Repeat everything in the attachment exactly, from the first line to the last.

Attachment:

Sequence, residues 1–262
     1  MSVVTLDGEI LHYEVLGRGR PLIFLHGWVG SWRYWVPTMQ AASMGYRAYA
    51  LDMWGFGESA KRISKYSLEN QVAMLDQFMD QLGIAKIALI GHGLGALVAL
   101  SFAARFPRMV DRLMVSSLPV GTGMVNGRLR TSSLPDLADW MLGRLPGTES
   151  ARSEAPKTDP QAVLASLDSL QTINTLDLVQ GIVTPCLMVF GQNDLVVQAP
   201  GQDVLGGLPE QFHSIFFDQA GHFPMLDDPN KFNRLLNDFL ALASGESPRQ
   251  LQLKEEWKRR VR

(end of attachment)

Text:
Sequence, residues 1–262
     1  MSVVTLDGEI LHYEVLGRGR PLIFLHGWVG SWRYWVPTMQ AASMGYRAYA
    51  LDMWGFGESA KRISKYSLEN QVAMLDQFMD QLGIAKIALI GHGLGALVAL
   101  SFAARFPRMV DRLMVSSLPV GTGMVNGRLR TSSLPDLADW MLGRLPGTES
   151  ARSEAPKTDP QAVLASLDSL QTINTLDLVQ GIVTPCLMVF GQNDLVVQAP
   201  GQDVLGGLPE QFHSIFFDQA GHFPMLDDPN KFNRLLNDFL ALASGESPRQ
   251  LQLKEEWKRR VR